As Indians our love for food surpasses all borders and biases; we love a good plate of noodles as much as we drool over a creamy baked pasta. If we had to choose our top pick, though, it would obviously be our very own Indian cuisine. We pride ourselves on the variety, the delicious blend of aromas and spices, the comfort of Indian curries, and an unending list of decadent desserts found in the country. Ours is a country of true-blue foodies and we like to carry that heritage with us wherever we go. Anyone trying to tell us otherwise would face immense resentment, and that is exactly what happened on Twitter recently.
Gene Weingarten, a columnist from the leading US daily – The Washington Post, wrote an article explaining his dislike for certain foods. In a particular point, he wrote that ‘Indian food was the only ethnic cuisine based entirely on one spice’. And in a matter of minutes, all hell broke loose. The tweet garnered around 3.1K comments and 2.5K retweets and the numbers are still growing. Look at the tweet here:
Took a lot of blowback for my dislike of Indian food in today’s column so tonight I went to Rasika, DC’s best Indian restaurant. Food was beautifully prepared yet still swimming with the herbs & spices I most despise. I take nothing back. https://t.co/ZSR5SPcwMF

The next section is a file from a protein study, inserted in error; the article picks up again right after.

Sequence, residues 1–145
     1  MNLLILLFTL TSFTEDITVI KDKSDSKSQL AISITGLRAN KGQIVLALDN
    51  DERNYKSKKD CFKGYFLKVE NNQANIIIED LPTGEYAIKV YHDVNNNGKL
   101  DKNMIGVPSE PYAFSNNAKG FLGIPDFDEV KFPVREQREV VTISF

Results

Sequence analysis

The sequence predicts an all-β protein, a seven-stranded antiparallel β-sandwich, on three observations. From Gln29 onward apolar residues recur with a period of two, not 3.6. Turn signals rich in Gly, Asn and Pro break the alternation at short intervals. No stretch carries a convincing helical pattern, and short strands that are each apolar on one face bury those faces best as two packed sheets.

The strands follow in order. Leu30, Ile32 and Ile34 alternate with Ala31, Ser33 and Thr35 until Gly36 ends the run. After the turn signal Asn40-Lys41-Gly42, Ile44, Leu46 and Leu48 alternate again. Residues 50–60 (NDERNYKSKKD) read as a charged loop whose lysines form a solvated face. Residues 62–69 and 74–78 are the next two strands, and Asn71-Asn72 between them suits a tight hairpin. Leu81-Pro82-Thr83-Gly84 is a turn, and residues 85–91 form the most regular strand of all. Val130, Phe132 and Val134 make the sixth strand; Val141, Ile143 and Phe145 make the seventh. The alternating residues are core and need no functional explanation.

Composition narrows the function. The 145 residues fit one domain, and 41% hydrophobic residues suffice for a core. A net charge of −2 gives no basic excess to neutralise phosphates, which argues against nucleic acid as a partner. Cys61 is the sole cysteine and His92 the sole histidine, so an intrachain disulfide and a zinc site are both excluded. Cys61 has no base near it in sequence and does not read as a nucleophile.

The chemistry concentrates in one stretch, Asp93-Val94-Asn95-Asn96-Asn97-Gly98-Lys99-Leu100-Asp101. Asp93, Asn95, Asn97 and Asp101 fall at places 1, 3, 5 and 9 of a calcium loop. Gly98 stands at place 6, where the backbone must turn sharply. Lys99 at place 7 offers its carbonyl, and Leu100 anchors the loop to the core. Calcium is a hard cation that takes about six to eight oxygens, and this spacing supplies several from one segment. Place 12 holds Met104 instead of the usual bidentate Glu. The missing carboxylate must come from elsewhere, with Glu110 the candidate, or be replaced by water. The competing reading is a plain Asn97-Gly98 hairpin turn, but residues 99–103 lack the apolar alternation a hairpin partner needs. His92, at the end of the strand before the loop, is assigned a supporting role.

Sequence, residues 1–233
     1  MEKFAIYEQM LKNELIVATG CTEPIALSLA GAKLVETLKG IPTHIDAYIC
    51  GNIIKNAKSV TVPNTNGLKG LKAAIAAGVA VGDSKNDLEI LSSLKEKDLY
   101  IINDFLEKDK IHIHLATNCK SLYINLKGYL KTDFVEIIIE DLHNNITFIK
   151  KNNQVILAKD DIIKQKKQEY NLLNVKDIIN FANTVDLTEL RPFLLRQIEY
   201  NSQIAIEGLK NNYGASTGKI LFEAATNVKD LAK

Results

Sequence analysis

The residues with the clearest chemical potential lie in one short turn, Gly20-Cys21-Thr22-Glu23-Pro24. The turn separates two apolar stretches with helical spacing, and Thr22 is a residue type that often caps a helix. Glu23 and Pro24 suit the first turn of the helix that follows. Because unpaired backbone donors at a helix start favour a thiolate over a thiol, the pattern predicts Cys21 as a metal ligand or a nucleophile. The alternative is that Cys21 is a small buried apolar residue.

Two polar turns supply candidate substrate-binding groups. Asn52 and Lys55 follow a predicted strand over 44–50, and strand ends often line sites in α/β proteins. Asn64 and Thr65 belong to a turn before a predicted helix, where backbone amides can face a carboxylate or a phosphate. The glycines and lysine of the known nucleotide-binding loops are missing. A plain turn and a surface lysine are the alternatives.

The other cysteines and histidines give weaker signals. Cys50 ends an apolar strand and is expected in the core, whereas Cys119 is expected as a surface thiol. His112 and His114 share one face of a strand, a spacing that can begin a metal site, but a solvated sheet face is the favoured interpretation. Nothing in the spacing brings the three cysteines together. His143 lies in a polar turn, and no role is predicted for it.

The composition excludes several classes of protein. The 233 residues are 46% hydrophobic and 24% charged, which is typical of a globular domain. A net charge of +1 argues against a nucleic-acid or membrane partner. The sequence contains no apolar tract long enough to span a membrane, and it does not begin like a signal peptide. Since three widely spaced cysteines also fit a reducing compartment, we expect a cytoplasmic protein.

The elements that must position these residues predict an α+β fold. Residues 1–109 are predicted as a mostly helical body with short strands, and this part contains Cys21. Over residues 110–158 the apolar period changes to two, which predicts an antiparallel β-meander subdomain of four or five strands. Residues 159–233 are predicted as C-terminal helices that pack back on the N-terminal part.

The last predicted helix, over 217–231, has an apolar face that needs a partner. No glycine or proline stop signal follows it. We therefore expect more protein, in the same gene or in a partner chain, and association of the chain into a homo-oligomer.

— Gene Weingarten (@geneweingarten) August 23, 2021
Indian food enthusiasts and from all over the world started bashing the writer for his biased opinions, so much so that he had to remove the particular sentence from the article itself. Indian actor and TV host Padma Lakshmi shared a picture of the original article and wrote about how racist and uniformed the writer was:
What was commendable to see is that people from all over the world stood high in defense of Indian food and pointed out that even the blandest of our curries use more than one spice.
One spice? Curry? I’ve made curry “spice” from scratch. Curries can include up to 30 different spices. And Indian food isn’t just about one spice. He’s clearly never had Daal, samosas, pakoras, aloo chole, saag paneer, ras malai, etc…— Board & Gray. I #Resisted (@ProgressiveGrae) August 24, 2021
and reducing the many, many, many different food traditions and regional cuisines of the Indian subcontinent to “curry”
that’s like saying “if you like sausage, congratulations, you like European food. if you do not like sausage, you do not like European food.”— ???? (@jessiemae) August 24, 2021
Twitter users listed out the variety of food the subcontinent had to offer and some even went ahead and gave us a peek of their Indian pantries and the wide range of spies that they had in store.
This just goes to show that Indian food is not only loved in the country, but it has a strong fan base worldwide. What are your thoughts on the writer’s perspective? Let us know in the comments below.